Screening Tool: Naturalised Plants
We developed a screening tool in which naturalised species were rated as having low, medium or high potential for population establishment and expansion now and in the future. The rating is a way of evaluating which species should undergo further assessment for weed risk potential. We applied this tool to the naturalised species to assess the likelihood for population establishment and expansion in the future.
We applied a points-based scoring system using five critical attributes (described below) to assign each naturalised species to one of three threat levels.
|Gridded observations per 100,000 km2||The number of 8 km x 8 km grid cells with recorded species presence standardised to observations per unit area.|
|Habitat suitability of observations||The average habitat suitability where the recorded observations occur under the current and future scenario(s).|
|Area of suitable habitat||The area (km2) of the region where habitat suitability is above or equal to a base threshold under the current and future scenario(s). The base threshold is the threshold at which the fixed sensitivity of 90% is reached, meaning that 90% of the observations are included in the suitable habitat while the area is minimised (also called a 10% omission rate).|
|Area of highly suitable habitat||The area (km2) of the region where habitat suitability is greater than or equal to the fixed logistic probability value of 0.5.|
|Minimum distance||The smallest distance (km) between the recorded observations and the location of highly suitable habitat under the current and future scenario(s).|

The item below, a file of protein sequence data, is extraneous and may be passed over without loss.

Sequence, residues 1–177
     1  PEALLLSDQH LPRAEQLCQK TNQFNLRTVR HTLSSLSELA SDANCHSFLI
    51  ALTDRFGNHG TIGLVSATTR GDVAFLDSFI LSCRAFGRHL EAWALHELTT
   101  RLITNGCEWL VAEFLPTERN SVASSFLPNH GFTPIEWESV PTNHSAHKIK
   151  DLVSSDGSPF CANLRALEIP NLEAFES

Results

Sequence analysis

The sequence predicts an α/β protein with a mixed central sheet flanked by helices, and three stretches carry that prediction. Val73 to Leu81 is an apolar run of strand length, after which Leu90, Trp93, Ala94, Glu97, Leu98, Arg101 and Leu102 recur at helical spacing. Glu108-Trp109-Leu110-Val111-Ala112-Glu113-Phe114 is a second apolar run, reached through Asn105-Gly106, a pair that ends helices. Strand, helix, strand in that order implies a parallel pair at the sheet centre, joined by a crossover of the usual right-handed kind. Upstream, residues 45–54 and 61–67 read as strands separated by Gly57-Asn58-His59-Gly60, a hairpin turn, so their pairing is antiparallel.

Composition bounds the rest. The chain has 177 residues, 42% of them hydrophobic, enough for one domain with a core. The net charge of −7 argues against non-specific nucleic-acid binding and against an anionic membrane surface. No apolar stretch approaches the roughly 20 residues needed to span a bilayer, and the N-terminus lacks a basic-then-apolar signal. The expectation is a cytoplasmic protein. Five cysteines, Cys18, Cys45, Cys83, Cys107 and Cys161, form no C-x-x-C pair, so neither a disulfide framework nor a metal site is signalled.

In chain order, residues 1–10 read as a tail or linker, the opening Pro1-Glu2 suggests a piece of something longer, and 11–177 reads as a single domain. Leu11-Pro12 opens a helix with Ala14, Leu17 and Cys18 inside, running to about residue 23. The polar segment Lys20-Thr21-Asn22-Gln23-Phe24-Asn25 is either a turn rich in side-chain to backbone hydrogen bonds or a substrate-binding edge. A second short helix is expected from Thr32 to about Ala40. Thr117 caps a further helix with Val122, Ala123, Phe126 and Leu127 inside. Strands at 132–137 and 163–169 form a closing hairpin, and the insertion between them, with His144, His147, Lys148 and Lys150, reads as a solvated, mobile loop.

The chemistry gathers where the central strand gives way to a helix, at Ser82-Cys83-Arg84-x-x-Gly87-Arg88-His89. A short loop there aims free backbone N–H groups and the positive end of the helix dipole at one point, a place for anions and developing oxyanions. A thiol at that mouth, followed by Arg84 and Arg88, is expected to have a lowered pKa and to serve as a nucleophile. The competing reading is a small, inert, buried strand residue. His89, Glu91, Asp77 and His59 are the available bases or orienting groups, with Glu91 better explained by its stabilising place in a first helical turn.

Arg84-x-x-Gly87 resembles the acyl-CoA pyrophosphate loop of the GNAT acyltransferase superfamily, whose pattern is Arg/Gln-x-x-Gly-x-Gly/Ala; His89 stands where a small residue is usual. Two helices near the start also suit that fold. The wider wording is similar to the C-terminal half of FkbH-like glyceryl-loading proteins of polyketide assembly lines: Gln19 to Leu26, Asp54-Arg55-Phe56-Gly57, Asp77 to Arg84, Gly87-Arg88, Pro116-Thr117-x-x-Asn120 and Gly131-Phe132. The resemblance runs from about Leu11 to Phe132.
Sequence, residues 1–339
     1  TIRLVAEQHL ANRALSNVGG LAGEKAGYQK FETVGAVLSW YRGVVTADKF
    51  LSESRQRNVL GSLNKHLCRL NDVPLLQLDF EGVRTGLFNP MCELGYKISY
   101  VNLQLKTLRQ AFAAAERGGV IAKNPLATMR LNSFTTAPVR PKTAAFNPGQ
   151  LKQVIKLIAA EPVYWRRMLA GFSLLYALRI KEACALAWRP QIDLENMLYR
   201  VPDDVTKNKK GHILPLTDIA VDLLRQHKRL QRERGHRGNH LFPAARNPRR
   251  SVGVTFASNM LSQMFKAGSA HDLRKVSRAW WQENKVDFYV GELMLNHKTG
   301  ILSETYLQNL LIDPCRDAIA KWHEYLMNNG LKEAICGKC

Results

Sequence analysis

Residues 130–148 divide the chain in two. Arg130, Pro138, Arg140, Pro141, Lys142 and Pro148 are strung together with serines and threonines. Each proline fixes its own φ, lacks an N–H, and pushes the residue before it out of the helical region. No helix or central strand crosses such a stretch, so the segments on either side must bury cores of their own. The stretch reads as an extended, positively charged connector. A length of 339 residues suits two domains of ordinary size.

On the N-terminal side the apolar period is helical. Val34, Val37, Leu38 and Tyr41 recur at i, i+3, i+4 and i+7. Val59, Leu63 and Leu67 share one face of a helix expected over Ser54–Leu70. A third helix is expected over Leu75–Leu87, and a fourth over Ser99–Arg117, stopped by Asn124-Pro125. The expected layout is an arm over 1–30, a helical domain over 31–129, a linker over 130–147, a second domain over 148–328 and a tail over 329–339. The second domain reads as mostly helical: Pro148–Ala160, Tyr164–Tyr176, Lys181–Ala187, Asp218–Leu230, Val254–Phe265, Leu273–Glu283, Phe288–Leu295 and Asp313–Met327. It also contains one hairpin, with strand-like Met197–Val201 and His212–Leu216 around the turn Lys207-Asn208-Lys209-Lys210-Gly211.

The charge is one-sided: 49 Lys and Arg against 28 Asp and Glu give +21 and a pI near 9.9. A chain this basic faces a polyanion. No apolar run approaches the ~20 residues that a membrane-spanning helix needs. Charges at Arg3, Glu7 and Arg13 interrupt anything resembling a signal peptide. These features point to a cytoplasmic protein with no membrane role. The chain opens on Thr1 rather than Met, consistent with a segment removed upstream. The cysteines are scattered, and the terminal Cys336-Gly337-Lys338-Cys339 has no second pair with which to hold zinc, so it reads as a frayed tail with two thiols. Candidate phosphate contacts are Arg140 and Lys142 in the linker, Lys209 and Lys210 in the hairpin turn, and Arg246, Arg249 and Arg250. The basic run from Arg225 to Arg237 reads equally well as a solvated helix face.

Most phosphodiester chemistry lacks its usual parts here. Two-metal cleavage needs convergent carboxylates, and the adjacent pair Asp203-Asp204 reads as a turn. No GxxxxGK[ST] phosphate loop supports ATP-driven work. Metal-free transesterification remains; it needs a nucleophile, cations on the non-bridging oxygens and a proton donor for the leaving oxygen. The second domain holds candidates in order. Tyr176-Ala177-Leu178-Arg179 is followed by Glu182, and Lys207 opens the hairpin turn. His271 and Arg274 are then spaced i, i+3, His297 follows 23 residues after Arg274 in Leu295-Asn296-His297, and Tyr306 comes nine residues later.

Points-based scoring system
The data (on an individual state/territory basis) for each of the 5 attributes described above was divided based on the following quantiles: 0.05, 0.25, 0.75, and 0.95. This resulted in the data being grouped into five bins (0-0.05, 0.05-0.25, 0.25-0.75, 0.75-0.95, and 0.95-1). Each species was assigned a score of 2, 4, 6, 8 or 10 points for each of the 5 attributes based on the quantile into which it fell. Each attribute had an equal weighting of 10 points. The points were summed for each species to give a total score out of 50. Species were placed into threat categories of low, medium and high based on the following scale:
|Likelihood scale (points)||Potential for population establishment and expansion|
|25 - 41||Medium|
While designation of any point score is arbitrary in absolute terms, it is the relative score that is of importance. Further, by designating a set of clear, transparent rules to assign points, such an assessment can be updated rapidly, given new information. As such, this preliminary assessment provides a framework for improved ongoing evaluation as more information becomes available.
Screening Tool: Invasive Plants
For the plants identified as invasive, we developed a method of classifying species into three classes to reflect their modelled response to climate scenarios under RCP 8.5 in 2065 compared to current climate at the National level. Class 1 species have an increase in both the area of suitable habitat (greater than 7,500 km2) and an increase in the average habitat suitability of observations (greater than 5%). Class 2 species have an increase in either the area of suitable habitat or the overall habitat suitability and for Class 3 species, the area of suitable habitat and the habitat suitability are projected to decrease or remain the same.